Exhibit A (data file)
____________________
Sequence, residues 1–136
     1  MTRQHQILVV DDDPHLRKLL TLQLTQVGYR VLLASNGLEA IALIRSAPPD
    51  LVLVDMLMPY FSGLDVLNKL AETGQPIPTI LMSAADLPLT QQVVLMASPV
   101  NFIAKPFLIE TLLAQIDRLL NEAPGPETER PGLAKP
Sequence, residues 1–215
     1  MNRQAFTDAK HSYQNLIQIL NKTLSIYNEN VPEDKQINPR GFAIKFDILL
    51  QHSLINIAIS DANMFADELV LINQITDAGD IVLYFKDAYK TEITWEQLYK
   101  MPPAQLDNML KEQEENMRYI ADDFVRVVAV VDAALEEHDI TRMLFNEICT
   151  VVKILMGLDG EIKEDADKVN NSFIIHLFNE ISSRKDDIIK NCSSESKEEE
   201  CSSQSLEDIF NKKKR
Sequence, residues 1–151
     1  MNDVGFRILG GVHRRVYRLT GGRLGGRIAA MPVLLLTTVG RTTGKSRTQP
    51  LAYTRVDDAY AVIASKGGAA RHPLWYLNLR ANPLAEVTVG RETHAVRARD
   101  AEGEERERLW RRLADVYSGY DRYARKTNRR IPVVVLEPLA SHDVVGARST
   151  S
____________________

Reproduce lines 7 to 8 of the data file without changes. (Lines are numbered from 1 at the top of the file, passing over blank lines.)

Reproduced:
    51  QHSLINIAIS DANMFADELV LINQITDAGD IVLYFKDAYK TEITWEQLYK
   101  MPPAQLDNML KEQEENMRYI ADDFVRVVAV VDAALEEHDI TRMLFNEICT